HOW TO PREPARE
If you are looking for academic training in this field, you'll find that many schools offer associate degree programs in arboriculture. Bachelor's and master's degrees in forestry and urban forestry (the care of trees in city parks and landscapes) are also available. You may also find some graduate-level urban forestry courses in natural resource development programs.
Fundamental courses in an arboriculture associate degree program include horticulture equipment operation and repair, arboriculture techniques, plant pest control, landscape drafting and tree surgery. Some associate degree programs will even include internships and fieldwork so you can get an idea of how you may apply course concepts in a practical way.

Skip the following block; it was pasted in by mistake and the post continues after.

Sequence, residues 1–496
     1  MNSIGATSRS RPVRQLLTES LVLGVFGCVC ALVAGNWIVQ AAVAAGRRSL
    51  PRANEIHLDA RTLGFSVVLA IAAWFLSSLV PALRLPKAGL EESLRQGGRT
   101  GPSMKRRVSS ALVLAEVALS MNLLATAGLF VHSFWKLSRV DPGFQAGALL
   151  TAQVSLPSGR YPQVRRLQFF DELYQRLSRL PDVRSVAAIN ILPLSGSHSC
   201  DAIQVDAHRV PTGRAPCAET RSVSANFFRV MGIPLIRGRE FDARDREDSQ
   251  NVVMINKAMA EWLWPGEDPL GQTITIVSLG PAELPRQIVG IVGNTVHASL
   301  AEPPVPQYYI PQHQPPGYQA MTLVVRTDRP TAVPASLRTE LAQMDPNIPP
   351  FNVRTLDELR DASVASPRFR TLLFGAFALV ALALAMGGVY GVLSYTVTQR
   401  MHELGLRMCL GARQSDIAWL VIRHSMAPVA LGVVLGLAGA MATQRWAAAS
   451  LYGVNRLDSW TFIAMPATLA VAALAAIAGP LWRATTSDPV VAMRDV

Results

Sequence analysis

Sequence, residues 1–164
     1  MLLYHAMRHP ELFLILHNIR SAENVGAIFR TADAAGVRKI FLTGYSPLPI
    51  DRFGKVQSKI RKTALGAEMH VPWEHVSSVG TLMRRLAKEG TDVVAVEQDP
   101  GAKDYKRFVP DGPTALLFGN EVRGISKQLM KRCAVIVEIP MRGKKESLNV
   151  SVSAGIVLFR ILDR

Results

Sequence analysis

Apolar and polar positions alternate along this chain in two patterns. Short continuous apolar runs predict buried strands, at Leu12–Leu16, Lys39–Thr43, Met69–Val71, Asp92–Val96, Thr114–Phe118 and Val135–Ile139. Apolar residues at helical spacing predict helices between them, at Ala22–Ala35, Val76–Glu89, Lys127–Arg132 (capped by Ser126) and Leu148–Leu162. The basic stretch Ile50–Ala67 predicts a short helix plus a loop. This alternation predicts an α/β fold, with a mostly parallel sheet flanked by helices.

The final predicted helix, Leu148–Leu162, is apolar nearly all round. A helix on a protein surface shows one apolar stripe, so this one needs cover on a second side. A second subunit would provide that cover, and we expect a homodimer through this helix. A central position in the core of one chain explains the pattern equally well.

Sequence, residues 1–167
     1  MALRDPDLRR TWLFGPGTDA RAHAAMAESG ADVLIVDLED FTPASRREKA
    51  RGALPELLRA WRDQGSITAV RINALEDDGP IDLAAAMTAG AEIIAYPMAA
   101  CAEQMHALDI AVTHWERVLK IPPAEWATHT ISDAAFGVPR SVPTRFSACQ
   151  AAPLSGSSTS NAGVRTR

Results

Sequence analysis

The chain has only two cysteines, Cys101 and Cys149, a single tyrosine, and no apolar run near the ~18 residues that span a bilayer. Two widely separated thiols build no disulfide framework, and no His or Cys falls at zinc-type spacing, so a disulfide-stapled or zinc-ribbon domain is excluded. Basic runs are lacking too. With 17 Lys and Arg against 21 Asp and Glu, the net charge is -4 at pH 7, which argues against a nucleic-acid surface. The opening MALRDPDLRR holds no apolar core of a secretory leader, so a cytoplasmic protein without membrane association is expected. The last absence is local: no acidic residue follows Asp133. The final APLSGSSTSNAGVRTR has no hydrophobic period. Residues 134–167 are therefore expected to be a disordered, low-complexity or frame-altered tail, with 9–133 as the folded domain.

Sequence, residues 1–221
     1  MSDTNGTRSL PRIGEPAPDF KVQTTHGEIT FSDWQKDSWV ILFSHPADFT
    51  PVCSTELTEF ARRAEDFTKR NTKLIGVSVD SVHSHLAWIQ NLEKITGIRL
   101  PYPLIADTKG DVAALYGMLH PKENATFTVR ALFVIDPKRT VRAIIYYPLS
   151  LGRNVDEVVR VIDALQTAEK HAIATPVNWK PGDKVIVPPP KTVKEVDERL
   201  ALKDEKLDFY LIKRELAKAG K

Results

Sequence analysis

A bachelor's degree program in urban forestry is likely to include a broader range of classes that cover tree identification, forest ecology, soil science and forest health. A master's degree program in forestry will offer you advanced courses in areas like tree nutrition and tree physiology.
If you are seeking on-the-job training and advancement, there are many options for you as well!
Arborists can receive on-the-job training from tree care companies, landscaping companies, nurseries, municipalities and utilities. They may be required to interact with clients, identify trees and clear debris by pruning trees and shrubs. Entry-level arborists can also learn how to use tree maintenance tools. Examples of entry-level positions include those of commercial, municipal and utility groundworkers.